On Jul 7, 2009, at 4:03 PM, Marc Manthey wrote:

>
>>>>> However it doesn't scale
>>>>
>>>> Anyone who's seen the "fail whale" might argue the same about  
>>>> Twitter.
>>
>> Just to add something to this, twitter has been slow all afternoon  
>> and now I am getting the "fail whale"
>>
>>
>> I just thought I would point out in real time the obvious danger of  
>> using a backup service that itself could fail under load,
>> especially if your outage and the load could be correlated, say in  
>> a disaster or public emergency situation.
>
> yep, got that too several time, but everytime i "reload" the page it  
> works , there were plenty of outages before twitter
> got the 35 million cash injection , but your absolutly right , its  
> centralisted , so there will be serverfarms over serverfarms to get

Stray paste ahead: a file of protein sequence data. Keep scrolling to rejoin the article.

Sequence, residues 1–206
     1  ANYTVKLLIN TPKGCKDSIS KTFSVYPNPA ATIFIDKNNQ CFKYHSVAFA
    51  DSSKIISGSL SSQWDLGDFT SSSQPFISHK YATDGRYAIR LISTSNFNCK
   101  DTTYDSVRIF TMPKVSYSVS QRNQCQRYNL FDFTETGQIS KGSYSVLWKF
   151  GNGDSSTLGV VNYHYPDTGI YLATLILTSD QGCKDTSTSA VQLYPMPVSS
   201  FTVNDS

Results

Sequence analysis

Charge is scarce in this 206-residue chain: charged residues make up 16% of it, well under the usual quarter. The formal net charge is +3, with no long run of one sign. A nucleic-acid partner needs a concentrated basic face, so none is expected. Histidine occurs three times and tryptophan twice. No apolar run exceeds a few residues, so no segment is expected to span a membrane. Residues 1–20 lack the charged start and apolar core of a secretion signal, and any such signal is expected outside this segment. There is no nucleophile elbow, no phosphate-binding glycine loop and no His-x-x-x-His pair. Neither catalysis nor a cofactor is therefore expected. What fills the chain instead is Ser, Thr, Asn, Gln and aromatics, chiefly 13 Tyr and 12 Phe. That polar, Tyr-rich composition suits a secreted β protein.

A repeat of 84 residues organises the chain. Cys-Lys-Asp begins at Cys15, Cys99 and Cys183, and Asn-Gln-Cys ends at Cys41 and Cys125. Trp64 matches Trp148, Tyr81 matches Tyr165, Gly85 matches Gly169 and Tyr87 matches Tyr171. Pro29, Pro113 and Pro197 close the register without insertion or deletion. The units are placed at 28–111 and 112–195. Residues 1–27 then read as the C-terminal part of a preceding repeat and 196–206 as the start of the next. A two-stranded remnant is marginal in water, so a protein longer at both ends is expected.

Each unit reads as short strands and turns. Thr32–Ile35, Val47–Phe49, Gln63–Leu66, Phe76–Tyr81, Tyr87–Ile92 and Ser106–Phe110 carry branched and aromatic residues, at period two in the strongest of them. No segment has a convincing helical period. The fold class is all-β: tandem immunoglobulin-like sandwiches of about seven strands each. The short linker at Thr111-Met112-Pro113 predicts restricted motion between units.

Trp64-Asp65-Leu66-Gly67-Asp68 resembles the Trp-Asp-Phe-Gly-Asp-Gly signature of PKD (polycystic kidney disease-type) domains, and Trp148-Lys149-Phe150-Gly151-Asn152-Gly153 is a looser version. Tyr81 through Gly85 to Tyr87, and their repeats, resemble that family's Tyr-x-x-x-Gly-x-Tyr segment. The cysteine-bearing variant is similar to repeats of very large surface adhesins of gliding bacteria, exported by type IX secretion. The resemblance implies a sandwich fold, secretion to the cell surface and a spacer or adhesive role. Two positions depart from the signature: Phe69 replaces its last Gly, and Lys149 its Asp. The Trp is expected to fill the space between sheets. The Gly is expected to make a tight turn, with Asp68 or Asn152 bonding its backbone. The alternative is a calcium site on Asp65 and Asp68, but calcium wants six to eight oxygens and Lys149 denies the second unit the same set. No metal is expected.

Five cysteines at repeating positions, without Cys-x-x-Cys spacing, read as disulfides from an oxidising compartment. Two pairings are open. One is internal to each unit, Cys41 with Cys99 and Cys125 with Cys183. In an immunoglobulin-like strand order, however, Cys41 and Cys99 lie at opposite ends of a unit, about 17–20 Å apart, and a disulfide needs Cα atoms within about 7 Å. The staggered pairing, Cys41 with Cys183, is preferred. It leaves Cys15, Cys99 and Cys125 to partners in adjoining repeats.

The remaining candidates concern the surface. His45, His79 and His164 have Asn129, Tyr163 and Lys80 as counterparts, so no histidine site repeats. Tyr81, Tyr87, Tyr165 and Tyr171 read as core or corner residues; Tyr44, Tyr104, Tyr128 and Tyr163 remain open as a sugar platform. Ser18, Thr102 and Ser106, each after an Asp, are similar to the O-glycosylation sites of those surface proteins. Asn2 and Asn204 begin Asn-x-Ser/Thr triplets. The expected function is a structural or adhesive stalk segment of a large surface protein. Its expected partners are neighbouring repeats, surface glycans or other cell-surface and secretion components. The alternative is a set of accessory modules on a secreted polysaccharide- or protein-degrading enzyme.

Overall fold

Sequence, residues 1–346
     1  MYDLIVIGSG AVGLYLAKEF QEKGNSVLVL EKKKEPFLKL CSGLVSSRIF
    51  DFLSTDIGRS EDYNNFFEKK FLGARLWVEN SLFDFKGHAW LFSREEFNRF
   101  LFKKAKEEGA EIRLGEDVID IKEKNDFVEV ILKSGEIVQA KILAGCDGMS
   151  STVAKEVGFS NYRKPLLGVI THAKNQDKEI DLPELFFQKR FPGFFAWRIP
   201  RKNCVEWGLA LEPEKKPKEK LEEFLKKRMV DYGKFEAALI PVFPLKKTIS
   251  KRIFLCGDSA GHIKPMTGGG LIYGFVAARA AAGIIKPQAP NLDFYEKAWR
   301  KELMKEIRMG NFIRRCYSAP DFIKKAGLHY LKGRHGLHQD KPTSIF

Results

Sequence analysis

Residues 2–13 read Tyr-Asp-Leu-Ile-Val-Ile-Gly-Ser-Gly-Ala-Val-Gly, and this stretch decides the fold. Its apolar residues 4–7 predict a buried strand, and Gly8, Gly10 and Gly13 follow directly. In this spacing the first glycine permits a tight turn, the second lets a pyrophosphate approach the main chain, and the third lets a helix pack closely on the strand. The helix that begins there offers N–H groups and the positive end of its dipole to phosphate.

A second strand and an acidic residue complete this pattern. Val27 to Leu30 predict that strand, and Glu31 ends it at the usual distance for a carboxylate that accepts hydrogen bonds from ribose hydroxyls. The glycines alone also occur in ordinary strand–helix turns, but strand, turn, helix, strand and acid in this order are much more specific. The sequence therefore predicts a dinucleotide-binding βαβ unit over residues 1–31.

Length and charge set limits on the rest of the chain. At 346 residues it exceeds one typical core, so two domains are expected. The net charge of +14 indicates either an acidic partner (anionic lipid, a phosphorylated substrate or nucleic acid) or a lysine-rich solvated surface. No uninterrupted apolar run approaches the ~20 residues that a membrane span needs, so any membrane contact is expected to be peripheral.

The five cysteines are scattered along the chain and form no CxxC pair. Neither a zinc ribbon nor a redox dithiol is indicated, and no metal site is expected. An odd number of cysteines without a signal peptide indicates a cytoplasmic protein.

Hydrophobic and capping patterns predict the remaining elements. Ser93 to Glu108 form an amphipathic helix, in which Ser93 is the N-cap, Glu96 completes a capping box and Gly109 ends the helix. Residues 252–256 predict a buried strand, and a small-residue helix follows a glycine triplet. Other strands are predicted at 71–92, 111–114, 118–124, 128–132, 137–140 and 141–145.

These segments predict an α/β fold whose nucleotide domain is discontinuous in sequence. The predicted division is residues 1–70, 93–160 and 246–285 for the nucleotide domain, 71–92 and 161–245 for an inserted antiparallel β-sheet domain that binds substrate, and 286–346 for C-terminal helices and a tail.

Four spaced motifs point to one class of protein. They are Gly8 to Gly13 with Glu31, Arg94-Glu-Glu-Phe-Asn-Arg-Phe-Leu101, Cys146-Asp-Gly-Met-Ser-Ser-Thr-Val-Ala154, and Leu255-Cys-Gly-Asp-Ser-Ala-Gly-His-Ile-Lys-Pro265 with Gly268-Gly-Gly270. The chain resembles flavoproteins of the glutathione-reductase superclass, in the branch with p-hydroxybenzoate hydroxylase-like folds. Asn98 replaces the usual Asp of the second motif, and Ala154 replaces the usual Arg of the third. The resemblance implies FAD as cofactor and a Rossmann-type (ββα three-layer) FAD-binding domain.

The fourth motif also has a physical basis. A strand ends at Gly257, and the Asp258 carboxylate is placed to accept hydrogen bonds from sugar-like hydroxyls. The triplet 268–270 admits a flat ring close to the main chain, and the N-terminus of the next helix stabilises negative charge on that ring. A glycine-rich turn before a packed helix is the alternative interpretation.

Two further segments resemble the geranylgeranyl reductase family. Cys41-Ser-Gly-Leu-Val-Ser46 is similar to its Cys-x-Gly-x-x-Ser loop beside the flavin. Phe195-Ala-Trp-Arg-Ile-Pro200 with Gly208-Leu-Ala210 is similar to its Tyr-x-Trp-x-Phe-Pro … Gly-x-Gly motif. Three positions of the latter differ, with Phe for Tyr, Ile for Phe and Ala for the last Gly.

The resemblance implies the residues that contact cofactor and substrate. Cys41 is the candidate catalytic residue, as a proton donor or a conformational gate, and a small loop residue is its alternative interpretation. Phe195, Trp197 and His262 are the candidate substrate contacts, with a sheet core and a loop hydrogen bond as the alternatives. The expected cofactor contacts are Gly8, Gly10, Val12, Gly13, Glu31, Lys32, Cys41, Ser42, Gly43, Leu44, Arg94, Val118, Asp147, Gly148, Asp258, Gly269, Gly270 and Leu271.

> over
> these "event" peaks. Would a decentralised system like  http://laconi.ca/ 
>   not a better choice ?
>

In a real crisis, redundancy rules.

Regards
(Continue reading)

Mikael Abrahamsson | 7 Jul 22:24 2009
Picon

Re: Using twitter as an outage notification (was : Fire, Power loss at Fisher Plaza in Seattle)

On Tue, 7 Jul 2009, Marshall Eubanks wrote:

> In a real crisis, redundancy rules.

... and simplicity.

It's always "fun" when those outages pages rely on sql backends etc, so 
they're capable of tens or hundreds of users, so they look fine normally. 
When an outage happens and people really need the information and want it, 
things stop working.

I've been advocating a distributed system with static HTML pages being 
generated and pushed out when things change. Huge load capability, you can 
put it anycasted at multiple IXes so it's geographically and ISP 
resiliant, larger ISPs can even request to get their own mirror. Keeping 
it simple.

No takers yet though, people seem to have too much confidence in 
complicated, centralized, nice looking solutions.

--

-- 
Mikael Abrahamsson    email: swmike <at> swm.pp.se

Brandon Galbraith | 7 Jul 22:28 2009
Picon

Re: Re: Using twitter as an outage notification (was : Fire, Power loss at Fisher Plaza in Seattle)